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Thread: Hand Proping C-65

  1. #1

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    Hand Proping C-65

    I'm not sure whether to post this in here or in the maintained thread, so if the community thinks of a better place to put this post, please move it.

    I'm currently giving instruction in a Aeronca 11AC Chief that has no electrical system and a C-65 that's been upgraded to 75 hp. I've got a lot of experience hand propping, but most of it is on the Lycoming 0-290 and 0-320, so I have some questions.

    The C-65 as I said has been rebuild recently (about 50 hrs ago) and upgraded to 75 hp. It also has a primer and the old style "shoe box" mags with no shower of sparks or impulse coupling.

    My normal cold starting procedure has been:
    1 shot of primer
    Throttle closed
    Pull the prop through 2 times, mags cold
    Contact

    And it USUALLY starts on the 3rd or 4th blade. More about the usually later.
    With the throttle closed, the engine idles around 500-600 rpm.

    Question 1.)
    What is a good cold start procedure for this engine?

    Hot start:
    No prime
    Throttle Half
    Contact
    As soon as it fires, 800 to 1000 rpm (requires two people for sure)

    This usually takes a while, but everything else I've tried usually floods the engine.

    Question 2.)
    What is a good hot start procedure for this engine and what do you consider a "hot start."

    This morning when I tried the cold start, the engine acted like it was flooded on the 2nd or 3rd pull with the mags on, so I went to half throttle. After a few more pulls, a lot of gas started coming out of the carb, and we had a nice puddle under the cowl. Much more than I've ever seen come out of the airplane before. We tried starting it assuming it was flooded. It caught a couple times but would only run for 30 seconds or so before the engine would just quit. (Yes, the gas was on. First thing I checked.) We let it sit for 15 min, and tried again assuming it was flooded with the same result. I called it quits and assumed there was something wrong with the airplane because 1.) I had never seen that much gas under the cowl even when I've really flooded it before, and 2.) The engine wouldn't keep running after it fired which has never happened before. Someone else came out a couple hours later, and it fired up on the 3rd pull and it ran like a clock.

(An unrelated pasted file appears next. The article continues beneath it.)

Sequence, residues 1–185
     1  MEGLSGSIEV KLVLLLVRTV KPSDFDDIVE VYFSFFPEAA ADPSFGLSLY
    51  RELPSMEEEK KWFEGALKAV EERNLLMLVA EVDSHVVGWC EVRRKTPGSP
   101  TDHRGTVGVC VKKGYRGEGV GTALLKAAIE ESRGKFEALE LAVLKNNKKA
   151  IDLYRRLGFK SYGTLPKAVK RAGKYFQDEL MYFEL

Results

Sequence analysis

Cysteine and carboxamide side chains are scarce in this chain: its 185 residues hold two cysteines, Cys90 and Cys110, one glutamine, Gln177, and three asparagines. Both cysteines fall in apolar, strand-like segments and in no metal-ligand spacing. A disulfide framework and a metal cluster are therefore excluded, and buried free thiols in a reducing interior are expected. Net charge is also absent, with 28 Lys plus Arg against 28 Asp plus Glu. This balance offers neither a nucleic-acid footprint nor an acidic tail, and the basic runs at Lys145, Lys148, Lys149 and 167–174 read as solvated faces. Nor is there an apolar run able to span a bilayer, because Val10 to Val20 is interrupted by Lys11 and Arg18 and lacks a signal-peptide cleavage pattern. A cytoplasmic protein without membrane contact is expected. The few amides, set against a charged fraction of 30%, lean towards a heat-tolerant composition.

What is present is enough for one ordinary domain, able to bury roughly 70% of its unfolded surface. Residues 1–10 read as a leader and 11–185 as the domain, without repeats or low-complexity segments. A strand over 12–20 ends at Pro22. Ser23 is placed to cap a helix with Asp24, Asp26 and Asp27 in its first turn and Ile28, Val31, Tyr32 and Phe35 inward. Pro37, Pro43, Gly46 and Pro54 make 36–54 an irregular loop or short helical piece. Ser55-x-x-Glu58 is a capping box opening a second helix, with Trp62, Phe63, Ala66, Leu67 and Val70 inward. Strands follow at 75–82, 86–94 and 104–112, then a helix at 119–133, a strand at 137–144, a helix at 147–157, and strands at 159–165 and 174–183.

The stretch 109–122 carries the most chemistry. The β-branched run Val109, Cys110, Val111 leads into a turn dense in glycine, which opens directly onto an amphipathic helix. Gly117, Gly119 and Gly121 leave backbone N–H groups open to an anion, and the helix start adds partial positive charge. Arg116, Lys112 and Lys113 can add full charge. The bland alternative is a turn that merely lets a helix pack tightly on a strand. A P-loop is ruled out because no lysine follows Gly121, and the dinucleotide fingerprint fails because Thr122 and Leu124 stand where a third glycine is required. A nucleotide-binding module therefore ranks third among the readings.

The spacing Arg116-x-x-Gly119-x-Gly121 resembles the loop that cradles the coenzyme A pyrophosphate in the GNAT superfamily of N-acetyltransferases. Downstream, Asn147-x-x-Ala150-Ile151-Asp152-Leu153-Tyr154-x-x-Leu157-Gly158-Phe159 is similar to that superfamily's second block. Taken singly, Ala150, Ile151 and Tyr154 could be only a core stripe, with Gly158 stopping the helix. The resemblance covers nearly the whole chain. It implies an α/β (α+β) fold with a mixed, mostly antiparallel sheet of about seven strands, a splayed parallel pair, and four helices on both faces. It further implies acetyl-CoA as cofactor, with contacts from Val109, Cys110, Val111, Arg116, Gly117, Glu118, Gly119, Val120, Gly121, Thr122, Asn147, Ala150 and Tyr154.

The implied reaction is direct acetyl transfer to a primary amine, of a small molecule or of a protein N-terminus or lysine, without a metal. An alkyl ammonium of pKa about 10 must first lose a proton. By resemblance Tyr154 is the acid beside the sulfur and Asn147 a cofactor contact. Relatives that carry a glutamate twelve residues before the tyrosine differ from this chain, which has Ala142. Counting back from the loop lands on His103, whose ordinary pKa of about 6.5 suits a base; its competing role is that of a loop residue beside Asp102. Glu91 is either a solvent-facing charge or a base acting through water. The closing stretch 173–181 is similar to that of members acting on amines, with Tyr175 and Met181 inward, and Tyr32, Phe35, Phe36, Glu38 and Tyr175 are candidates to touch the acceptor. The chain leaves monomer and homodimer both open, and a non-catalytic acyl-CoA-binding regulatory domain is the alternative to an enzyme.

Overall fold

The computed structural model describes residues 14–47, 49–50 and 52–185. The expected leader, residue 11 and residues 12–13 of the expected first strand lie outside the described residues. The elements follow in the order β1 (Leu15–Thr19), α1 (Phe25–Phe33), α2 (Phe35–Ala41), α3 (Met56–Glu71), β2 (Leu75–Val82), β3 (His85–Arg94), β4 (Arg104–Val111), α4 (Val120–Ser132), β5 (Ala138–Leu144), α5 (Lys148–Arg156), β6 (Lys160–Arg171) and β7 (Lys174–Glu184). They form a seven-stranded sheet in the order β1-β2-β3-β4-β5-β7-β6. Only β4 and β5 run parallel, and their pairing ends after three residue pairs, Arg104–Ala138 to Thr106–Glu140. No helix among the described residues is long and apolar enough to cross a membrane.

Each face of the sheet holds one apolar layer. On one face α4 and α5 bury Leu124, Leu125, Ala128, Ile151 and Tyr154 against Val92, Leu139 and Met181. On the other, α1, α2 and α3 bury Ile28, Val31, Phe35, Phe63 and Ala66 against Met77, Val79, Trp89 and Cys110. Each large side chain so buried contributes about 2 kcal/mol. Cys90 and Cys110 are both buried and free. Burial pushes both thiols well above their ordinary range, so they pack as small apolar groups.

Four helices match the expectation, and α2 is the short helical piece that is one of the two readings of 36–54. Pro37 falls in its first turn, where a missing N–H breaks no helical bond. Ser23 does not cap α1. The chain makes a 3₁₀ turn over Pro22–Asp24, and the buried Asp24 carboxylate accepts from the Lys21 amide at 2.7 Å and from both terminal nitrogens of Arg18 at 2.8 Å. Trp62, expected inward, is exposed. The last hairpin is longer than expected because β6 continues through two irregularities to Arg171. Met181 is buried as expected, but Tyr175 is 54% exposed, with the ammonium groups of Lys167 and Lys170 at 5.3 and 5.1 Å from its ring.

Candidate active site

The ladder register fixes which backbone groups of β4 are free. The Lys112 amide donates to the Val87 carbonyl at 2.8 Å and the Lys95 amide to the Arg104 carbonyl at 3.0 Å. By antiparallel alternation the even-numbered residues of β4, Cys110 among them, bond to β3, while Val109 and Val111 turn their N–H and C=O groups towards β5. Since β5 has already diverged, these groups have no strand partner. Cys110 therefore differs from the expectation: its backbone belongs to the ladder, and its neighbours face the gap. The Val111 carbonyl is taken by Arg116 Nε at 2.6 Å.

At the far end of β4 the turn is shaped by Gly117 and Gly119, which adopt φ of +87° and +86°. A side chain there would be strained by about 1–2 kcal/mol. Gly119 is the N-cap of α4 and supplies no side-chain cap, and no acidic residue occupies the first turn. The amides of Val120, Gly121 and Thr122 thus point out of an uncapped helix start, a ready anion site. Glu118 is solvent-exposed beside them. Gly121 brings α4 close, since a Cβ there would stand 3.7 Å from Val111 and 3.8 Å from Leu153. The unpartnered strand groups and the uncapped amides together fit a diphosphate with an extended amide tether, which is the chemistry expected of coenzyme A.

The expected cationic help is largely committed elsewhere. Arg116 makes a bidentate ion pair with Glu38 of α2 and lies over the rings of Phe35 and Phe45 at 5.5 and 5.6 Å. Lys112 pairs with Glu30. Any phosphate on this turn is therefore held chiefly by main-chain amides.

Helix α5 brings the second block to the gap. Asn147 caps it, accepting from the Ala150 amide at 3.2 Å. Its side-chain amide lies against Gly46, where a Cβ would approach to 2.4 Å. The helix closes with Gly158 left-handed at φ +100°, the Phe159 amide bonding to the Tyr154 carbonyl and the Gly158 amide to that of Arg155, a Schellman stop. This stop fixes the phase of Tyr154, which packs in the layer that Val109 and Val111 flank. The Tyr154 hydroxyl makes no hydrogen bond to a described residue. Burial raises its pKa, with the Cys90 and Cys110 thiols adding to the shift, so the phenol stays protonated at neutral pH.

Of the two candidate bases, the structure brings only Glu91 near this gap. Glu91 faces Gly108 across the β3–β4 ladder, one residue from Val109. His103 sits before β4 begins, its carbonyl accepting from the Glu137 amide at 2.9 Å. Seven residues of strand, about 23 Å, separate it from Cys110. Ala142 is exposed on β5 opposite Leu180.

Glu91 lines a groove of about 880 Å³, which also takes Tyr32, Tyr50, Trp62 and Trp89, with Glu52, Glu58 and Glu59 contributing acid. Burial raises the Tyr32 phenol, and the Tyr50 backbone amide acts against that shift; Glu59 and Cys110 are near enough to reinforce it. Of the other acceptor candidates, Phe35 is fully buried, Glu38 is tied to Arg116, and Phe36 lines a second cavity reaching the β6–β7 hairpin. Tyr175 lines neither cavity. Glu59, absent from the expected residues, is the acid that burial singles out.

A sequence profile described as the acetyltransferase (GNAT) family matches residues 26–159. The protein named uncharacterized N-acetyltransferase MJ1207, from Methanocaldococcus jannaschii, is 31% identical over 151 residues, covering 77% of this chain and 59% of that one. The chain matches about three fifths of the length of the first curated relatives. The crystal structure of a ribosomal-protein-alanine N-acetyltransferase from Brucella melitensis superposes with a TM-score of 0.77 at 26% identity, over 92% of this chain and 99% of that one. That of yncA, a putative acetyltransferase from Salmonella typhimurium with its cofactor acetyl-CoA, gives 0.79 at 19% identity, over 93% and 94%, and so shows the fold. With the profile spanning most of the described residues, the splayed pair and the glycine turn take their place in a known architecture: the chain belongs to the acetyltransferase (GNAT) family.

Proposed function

Obviously I did something wrong, but I have no idea what. Any help will be greatly appreciated. What should I have done differently?

    Also, this engine has a tendency to kick back a lot. (A result of the timing being incredibly advanced with no impulse coupling) If it does that more than once, I assume that the engine is flooded, but this doesn't seem to work all the great for me, so any advice on what to do after the engine kicks back once will also be helpful.

    I love these old airplanes and most of the quirks that go along with them, but I would really like to reliably start them. After about 40 starts on this engine, I still don't have it figured out, so its time to ask the experts.

    Thank you!

  2. #2

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    If you have a lot of fuel leaking out you may have a stuck carb float, (open) which floods the carb. Try turning off the fuel and tapping on the side of the float bowl, and then turn the fuel back on and see if it leaks. Also could be a loose or cracked fitting or hose.

    I hand prop the C-90 in my J3 Cub. FIRST TIE THE TAIL DOWN! I don't care who you have sitting in the cockpit, a tie down is safer. Chocks are fine, but as a second item.
    Next, I give one shot of prime, might do two if it is real cold. Don't pull the prop through, that wastes the prime. Just barely crack the throttle and if you ignored the part about tieing down, I would emphasize the barely. Then contact, mags on and prop. Mine will start almost all the time on the first pull, if not the 2nd, but mine does have the shower of sparks mags I think, and you can hear the impulse coupling click if you pull the prop through slowly with the mags off.

    I woud never go to half throttle or anywhere more than just open unless I am in the plane. Once mine starts, it will idle about 800-900 with just that slight amount of throttle, enough to want to creep. I close the throttle and it will then idle about 500 and sit still so I can untie the tail and pull the chock.

    Mine is harder to start when the engine is warm, I think I skip the prime, can't recall for sure.
    Be dam careful, as they say a Cub or a Champ can just barely kill you.